In Inca eyes the known world was their empire, and expansion therefore limitless. They divided their territories into four basic regions, or suyos , each radiating from the central plaza in Cusco: Chincha Suyo (northwest), Anit Suyo (northeast), Cunti Suyo (southwest) and Colla Suyo (southeast). Each suyo naturally had its own particular problems and characteristics but all were approached in the same way – initially being demoralized or forced into submission by the Inca army, later absorbed as allies for further conquests. In this way the Incas never seemed to overextend their lines to the fighting front.

The most impressive feature of an Inca army must in fact have been its sheer numbers – a relatively minor force would have included five thousand men. Their armour usually consisted of quilted cotton shirts and a small shield painted with designs or decorated with magnificent plumes. The common warriors – using slingshots, spears, axes and maces – were often supported by archers drafted from the “savages” living in the eastern forests. When the Spanish arrived on horseback the Incas were quick to invent new weapons: large two-handed hardwood swords and bolas (wooden balls connected by a string), good for tangling up the horses’ legs. The only prisoners of war traditionally taken by a conquering Inca army were chieftains, who lived comfortably in Cusco as hostages against the good behaviour of their respective tribes. Along with the chiefs, the most important portable idols and huacas of conquered peoples were held in Cusco as sacred hostages. Often the children of the ruling chieftains were also taken to Cusco to be indoctrinated in Inca ways.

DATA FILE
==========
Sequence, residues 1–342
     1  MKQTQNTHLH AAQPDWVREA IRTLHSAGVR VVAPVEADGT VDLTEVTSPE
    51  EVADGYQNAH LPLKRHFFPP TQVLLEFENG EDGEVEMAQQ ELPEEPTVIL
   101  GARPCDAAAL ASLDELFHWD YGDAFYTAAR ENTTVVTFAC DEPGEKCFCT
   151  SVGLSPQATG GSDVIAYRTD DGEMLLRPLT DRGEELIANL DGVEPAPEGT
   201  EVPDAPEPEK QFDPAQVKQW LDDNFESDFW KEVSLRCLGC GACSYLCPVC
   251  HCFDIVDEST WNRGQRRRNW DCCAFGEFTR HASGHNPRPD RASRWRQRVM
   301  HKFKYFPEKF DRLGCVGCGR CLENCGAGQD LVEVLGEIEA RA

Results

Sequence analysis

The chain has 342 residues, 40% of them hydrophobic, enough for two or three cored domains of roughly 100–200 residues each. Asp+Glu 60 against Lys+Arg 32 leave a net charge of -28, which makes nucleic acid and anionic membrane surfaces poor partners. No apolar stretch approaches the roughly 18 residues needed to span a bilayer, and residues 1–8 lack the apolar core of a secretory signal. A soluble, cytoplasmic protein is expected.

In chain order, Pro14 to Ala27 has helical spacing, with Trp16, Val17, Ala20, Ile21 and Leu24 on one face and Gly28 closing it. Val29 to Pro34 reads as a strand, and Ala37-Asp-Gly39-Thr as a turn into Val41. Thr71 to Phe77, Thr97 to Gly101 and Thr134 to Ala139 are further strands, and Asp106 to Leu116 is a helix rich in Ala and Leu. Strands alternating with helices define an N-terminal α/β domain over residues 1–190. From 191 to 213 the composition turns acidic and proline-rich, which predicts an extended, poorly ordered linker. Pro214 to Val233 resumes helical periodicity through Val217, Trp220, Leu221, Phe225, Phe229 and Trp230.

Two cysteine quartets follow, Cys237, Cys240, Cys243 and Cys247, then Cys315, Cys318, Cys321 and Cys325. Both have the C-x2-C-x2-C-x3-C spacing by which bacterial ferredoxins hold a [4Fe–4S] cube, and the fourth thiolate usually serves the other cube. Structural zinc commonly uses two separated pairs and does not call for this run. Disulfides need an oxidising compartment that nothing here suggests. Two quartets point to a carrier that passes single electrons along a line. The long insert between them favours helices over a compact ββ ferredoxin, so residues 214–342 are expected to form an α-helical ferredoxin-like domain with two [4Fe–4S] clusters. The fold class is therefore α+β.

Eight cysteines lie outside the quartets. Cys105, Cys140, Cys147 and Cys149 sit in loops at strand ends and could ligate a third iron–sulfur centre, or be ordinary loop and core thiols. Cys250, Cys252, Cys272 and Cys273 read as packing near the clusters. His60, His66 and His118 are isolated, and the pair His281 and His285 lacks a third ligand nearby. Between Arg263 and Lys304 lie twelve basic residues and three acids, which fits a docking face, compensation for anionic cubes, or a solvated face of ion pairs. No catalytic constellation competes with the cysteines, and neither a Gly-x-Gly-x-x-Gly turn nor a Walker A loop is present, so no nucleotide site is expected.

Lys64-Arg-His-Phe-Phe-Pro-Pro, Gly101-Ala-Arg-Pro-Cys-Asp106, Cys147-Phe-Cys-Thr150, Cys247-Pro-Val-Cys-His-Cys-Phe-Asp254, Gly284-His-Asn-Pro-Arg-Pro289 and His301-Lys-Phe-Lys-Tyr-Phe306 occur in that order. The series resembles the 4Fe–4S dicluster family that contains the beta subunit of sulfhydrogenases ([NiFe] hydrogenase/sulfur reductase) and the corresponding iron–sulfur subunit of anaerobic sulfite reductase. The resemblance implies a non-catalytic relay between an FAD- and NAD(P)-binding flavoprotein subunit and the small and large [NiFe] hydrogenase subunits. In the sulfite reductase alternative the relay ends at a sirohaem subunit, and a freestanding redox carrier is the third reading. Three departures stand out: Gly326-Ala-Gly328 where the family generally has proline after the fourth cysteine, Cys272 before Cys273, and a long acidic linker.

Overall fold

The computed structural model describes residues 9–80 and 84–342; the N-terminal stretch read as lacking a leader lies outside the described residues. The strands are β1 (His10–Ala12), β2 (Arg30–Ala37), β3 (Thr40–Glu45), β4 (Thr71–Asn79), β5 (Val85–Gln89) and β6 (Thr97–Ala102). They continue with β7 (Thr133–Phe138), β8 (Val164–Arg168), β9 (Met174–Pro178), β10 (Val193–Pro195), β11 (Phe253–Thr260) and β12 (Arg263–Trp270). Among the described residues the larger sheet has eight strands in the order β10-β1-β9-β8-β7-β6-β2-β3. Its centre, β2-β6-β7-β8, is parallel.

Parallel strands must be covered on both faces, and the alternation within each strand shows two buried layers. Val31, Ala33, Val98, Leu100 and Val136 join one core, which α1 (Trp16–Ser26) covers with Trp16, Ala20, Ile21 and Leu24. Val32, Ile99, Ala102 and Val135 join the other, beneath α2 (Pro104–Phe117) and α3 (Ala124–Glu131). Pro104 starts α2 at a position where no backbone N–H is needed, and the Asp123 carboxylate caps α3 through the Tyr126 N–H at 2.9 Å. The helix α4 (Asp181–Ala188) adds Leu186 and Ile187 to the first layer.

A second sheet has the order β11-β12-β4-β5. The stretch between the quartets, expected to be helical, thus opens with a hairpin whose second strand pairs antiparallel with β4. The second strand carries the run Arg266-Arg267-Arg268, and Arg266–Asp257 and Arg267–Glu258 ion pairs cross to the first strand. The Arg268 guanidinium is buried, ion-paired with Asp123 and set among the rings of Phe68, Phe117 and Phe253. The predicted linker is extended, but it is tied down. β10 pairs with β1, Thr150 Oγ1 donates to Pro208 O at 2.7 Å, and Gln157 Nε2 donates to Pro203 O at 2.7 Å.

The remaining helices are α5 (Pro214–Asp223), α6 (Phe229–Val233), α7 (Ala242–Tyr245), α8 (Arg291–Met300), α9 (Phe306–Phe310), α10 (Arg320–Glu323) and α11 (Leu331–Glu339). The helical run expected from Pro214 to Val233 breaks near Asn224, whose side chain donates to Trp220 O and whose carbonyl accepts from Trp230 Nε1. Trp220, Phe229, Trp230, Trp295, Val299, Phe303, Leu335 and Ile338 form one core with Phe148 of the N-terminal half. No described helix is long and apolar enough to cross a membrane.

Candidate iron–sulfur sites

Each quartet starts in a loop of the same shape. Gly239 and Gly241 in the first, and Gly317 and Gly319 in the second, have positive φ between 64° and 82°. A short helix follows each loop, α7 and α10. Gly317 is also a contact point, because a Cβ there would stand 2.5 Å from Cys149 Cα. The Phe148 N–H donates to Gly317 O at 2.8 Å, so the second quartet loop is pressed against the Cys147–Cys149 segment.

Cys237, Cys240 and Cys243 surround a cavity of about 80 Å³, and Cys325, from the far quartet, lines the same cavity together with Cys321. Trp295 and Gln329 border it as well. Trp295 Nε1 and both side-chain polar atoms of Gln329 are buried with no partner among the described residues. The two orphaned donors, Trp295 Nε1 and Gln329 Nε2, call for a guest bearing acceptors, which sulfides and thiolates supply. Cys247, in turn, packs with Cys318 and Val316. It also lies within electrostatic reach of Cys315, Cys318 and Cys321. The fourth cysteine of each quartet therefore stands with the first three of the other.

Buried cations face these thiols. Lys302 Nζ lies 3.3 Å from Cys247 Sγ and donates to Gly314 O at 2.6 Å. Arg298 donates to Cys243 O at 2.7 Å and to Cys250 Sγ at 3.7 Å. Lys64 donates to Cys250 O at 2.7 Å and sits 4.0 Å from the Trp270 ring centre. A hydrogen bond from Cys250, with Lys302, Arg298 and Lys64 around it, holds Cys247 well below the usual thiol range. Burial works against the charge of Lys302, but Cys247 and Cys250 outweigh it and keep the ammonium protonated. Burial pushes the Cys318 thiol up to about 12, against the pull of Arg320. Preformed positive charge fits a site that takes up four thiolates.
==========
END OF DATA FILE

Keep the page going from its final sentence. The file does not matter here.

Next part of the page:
This pragmatic approach toward their subjects is exemplified again in the Inca policy of forced resettlement . Whole villages were sometimes sent into entirely new regions, ostensibly to increase the crop yield of plants like coca or corn and to vary their diet by importing manioc and chillis – though it was often criminals and rebellious citizens who ended up in the hottest, most humid regions. Large groups of people might also be sent from relatively suspect tribes into areas where mostly loyal subjects lived, or into the newly colonized outer fringes of the empire; many trustworthy subjects were also moved into zones where restlessness might have been expected. It seems likely that the whole colonization project was as much a political manoeuvre as a device to diversify the Inca economic or dietary base. As new regions came under imperial influence, the threat from rebellious elements was minimized by their geographical dispersion.

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